When James Madison entered the Continental Congress in March 1780, the war-torn American states were set to be loosely governed by the Articles of Confederation. The Articles had been passed in 1777, but would not go into effect until 1781. They were informed by the principle that the thirteen infant states were sovereign entities, and that any national union of which they might be apart was dissoluble by the will of the state governments. A number of men in Congress opposed such a clear-cut view of states' rights, James Madison among them. He saw an essential unity in the American states that went far beyond their struggle against a common enemy, the British. To Madison, the American people were a single people, and they should have a strong national government which would represent them in that unity. This idea would eventually inform the doctrine known as Federalism.
In 1781, the British commander, General Cornwallis, surrendered at Yorktown, effectively ending the American Revolution and marking the American patriots' victory in their struggle against British rule. In 1783, the Treaty of Paris formally ended the conflict, and Great Britain recognized the United States as an independent country. In Congress, members such as Madison turned their eyes in a more focused way toward the government of the new American nation. Debates ensued over whether the United States would be a confederation of thirteen small republics, or a single, federated republic. Madison favored the latter view, and in its interest he worked toward strengthening Congress's power over the state governments. In 1783, he helped secure the passage of an amendment to the Articles of Confederation that would give Congress a new taxing power over the states. The state governments rejected this amendment.
Madison made a name for himself early on in Congress for his involvement in foreign policy and trade questions. He was a leading figure in supporting a continued alliance with the French. He defended Benjamin Franklin's closeness to the French, angering many in Congress who favored closer ties with Britain after the revolutionary controversies had subsided. He also served on a committee which dealt with boundary and trading disagreements with the Spanish. The Americans wished to transport and trade freely up and down the Mississippi River, particularly at its Spanish-controlled delta. Americans also wished to mark their western boundary along the Mississippi. Much of the land west of the thirteen states was claimed by Virginia; though he was a proud Virginian, Madison worked toward Virginia's ceding those claims to the Congress as national property. This action reinforced his federalist position.
In the early months of 1783, Madison's hopes for a strong national union were dashed by the breaking up of nationalist efforts in the Continental Congress. He desired to return home to Virginia, but was kept in Philadelphia by a personal preoccupation: he had fallen in love with a young lady named Catherine Floyd, the daughter of a New York delegate to the Congress. The two became engaged that year, but at the end of the summer, Catherine broke the engagement and decided she should marry a young medical student instead of James Madison. Madison was hurt by the affair, and in October 1783, with Congress's adjournment, he left Philadelphia behind and returned home.
Back in Virginia, Madison quickly found himself involved once again in politics. He was elected to the Virginia House of Delegates in the spring of 1784. Before immersing himself entirely in legislative affairs, however, he spent the summer of that year on an extended tour of the northern states. While on the road, he ran in with the Marquis de Lafayette, the famous young Frenchman who had fought alongside General George Washington. The two traveled together as far as the Mohawk Valley in New York, where Lafayette helped settle a boundary dispute with the Iroquois people. Madison returned to Virginia in the fall, and found himself at odds with Patrick Henry over the question of religious establishment in the state.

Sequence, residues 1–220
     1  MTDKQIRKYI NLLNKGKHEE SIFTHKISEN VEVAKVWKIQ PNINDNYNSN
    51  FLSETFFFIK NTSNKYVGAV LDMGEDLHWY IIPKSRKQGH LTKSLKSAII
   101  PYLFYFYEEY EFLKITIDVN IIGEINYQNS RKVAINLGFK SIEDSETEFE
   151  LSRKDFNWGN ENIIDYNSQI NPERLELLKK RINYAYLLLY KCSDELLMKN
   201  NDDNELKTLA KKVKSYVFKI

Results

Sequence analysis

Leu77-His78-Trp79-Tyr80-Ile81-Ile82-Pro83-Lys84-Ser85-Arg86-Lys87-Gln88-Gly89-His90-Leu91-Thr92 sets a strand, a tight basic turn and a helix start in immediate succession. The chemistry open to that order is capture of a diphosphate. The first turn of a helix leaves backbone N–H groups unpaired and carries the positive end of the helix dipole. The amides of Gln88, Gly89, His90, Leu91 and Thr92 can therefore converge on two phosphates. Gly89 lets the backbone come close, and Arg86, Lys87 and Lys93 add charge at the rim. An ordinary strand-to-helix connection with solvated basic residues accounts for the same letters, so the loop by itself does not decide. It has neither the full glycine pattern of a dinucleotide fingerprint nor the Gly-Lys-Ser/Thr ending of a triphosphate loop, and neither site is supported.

Henry was pushing for a bill which would have taxed Virginians to support "Teachers of the Christian Religion." Madison opposed the measure, and wrote a pamphlet in the summer of 1785 called the Memorial and Remonstrance against Religious Assessments which set forth his views. It was distributed and read throughout Virginia, and circulated as a petition. The pamphlet argued for the "unalienable right" of every man to exercise his religion as "conviction and consciencemay dictate, " and it also claimed that religious establishment "is a contradiction to the Christian Religion itself, for every page of it disavows a dependence on the powers of this world."
Largely because of Madison's efforts, Henry's bill died quietly in the fall session of the assembly. Madison followed up this victory by securing the passage of the Statute for Religious Freedom, which his good friend Thomas Jefferson had drafted before leaving for a diplomatic mission in Paris. Less successful were Madison's efforts against slavery, his efforts to establish a public school system in Virginia, and his efforts to reform the constitution of the state.
Madison served in the Virginia House of Delegates through the 1786 session, when he was called once again to represent Virginia in the Continental Congress, which was then meeting in New York. The delegates were engaged in debates over American commerce and constitutional questions, and they voted to call together a Constitutional Convention which would meet in Philadelphia in the spring of 1787. Once and for all, a genuine settlement of the problems surrounding the Articles of Confederation would be attempted. Madison was one of the delegates voted to represent Virginia at this important convention, along with George Mason and the great George Washington.